Cross platform troubles

Hello, everyone

i’ve used Scrivener for many years, and for all the troubles i’ve had, i’ve used this forum with success. So first of all, to all of you that have helped me without knowing it (especially MimeticMouton), thank you :slight_smile:

But this one i could not find a solution for. To make a long story short: i just started in a new job that allows me to work on my writing from time to time. But here (work) im stuck with a windows computer. At home im using a mac.

Because dropbox is closed behind the company firewall (i can’t access dropbox, twitter, etc), i sent the mac-files to myself pr mail, and download it at work, where i (after reading about it on these forums) thought it would be no problem if i just followed the “steps”.

But: when i loaded my five projects, they vary from 1) loading in full (with the file structure intact etc) but with no text in the folders and files and 2) not loading at all.

What is causing this? And with dropbox “banned” from work, what is the best way to sync my projects?

Thank you in advance for all help!

All the best


I’m not sure which steps you were following, so to start off, make sure that you’ve zipped your projects before mailing them to yourself. Although they appear as a single file on the Mac, projects are actually folders of files saved in a package format; they won’t send properly unless they are zipped into a single file. To do that either choose File > Back Up > Back Up To… from within the project to create a zipped backup that you can attach in your email or Ctrl-click the project’s .scriv file and choose the “Compress” option to create a zipped copy.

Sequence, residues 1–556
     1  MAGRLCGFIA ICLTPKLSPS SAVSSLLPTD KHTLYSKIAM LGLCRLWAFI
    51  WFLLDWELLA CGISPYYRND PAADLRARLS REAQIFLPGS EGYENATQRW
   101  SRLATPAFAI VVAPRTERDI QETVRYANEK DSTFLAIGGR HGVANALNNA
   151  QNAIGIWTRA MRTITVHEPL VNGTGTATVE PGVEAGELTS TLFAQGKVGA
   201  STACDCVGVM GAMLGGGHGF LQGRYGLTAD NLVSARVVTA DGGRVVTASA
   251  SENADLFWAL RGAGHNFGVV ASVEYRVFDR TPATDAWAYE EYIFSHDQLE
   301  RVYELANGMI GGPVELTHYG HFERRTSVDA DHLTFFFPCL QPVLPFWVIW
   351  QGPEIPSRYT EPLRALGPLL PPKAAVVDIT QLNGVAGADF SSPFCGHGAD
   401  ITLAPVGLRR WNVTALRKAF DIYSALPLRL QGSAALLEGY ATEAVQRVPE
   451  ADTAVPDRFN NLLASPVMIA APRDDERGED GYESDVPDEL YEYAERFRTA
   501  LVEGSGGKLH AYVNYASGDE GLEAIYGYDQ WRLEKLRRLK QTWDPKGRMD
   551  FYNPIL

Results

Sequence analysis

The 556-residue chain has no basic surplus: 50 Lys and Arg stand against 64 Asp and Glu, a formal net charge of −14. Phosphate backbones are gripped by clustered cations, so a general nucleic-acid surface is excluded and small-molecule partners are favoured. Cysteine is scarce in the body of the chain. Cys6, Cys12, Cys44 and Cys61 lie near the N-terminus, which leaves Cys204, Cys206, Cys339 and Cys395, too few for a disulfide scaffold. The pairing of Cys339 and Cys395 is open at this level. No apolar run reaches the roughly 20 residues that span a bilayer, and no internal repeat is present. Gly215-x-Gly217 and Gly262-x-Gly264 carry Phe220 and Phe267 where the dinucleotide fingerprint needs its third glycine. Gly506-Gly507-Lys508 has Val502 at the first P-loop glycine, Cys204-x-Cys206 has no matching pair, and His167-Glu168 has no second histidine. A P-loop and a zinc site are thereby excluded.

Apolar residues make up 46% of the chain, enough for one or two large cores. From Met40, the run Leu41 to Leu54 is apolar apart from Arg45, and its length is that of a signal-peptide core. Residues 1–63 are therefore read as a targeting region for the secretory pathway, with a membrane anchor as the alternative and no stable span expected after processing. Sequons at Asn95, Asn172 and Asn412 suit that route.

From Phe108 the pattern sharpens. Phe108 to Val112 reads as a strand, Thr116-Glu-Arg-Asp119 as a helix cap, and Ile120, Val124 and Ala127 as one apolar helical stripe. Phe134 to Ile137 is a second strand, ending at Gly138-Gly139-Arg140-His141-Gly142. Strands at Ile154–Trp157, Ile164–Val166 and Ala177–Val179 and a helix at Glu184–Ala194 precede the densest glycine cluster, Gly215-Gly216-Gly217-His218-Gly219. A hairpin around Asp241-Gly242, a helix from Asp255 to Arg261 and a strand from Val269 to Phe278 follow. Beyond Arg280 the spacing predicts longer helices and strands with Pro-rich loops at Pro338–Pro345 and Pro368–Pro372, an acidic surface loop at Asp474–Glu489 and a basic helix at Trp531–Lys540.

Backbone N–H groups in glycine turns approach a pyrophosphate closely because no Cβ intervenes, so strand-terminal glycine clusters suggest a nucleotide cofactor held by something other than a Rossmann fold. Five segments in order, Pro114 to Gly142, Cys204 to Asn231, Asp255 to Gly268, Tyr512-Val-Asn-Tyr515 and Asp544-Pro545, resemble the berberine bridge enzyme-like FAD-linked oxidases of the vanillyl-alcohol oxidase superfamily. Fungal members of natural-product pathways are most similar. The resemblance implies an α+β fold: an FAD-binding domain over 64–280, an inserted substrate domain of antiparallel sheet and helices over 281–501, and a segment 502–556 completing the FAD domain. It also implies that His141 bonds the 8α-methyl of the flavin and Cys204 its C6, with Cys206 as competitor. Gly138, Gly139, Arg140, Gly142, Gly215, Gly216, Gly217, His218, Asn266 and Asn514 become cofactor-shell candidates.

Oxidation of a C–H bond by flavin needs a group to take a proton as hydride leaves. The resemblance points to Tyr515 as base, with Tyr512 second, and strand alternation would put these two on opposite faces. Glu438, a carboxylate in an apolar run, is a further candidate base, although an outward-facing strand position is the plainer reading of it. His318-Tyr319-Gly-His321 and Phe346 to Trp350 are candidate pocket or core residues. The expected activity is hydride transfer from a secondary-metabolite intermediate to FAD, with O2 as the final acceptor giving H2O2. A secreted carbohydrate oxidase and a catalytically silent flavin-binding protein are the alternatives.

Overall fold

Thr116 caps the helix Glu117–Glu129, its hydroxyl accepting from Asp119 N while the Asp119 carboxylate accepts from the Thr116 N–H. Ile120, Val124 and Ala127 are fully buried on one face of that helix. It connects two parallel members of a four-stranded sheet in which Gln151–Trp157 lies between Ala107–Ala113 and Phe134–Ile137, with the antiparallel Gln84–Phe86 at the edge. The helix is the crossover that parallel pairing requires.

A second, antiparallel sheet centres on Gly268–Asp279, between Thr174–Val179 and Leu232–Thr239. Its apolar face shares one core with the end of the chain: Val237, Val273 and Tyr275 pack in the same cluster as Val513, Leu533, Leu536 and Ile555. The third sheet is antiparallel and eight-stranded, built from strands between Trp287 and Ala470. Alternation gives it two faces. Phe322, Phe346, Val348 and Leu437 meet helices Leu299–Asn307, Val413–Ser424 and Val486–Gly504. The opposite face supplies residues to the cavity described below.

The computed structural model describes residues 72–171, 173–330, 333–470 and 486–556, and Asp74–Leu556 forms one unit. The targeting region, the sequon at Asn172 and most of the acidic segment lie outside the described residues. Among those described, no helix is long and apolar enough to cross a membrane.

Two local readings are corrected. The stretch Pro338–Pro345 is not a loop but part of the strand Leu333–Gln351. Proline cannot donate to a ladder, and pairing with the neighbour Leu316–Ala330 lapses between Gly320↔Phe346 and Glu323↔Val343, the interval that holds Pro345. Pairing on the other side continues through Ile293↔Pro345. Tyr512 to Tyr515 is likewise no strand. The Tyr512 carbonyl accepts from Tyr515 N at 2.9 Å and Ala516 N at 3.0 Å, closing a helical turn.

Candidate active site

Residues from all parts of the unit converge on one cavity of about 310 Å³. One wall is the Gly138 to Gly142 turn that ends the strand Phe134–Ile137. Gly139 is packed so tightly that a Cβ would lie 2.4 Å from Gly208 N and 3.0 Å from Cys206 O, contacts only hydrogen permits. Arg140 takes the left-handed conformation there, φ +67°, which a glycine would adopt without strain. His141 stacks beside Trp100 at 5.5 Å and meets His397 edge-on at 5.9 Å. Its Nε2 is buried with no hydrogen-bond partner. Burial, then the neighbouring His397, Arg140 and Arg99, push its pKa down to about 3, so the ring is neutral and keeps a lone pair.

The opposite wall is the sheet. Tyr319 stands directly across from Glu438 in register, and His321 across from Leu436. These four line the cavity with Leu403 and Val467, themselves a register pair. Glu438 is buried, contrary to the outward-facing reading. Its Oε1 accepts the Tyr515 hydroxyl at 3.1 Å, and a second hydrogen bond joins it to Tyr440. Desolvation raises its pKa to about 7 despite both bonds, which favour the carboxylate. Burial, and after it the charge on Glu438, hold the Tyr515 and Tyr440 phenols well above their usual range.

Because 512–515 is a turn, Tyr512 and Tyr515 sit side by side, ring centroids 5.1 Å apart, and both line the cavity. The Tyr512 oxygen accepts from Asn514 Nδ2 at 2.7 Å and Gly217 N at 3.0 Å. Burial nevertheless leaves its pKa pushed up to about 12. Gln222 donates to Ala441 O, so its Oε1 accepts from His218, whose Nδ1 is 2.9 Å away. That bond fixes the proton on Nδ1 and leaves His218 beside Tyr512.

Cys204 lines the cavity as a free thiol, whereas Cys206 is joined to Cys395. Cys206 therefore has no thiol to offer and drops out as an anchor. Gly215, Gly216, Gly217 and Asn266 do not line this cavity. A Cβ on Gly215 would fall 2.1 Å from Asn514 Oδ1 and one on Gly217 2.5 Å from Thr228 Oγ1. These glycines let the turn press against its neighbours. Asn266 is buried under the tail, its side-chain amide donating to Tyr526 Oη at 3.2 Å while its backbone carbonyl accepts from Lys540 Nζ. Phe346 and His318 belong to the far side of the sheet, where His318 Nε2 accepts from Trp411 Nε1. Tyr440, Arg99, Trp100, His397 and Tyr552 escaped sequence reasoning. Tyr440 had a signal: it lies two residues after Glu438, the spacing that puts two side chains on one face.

On Windows, you should then be able to download the zipped project, right-click it and choose “Extract All…” and then save the project to whatever location you like and load it from there in Scrivener as normal. However, occasionally you’ll find that Mac-zipped files trip a permissions flag on Windows and the files will extract with some of them encrypted. Usually the filenames will appear in green text in the file browser to indicate they’re encrypted. In this case often the project will open but none of the files will load.

Try closing the project in Scrivener, then right-clicking the extracted .scriv folder and choosing Properties, then Advanced (on the “General” tab, which should be what’s visible when the properties opens). In the Advanced window, deselect the option to “Encrypt contents to secure data”, then OK out of the advanced attributes window and click “Apply”. You should get an option to apply the changes only to the selected file or to all the folder’s subfolders and files as well; choose that latter. Ideally Windows will decrypt everything and you can click OK to exit the Properties window. Then try opening the project in Scrivener.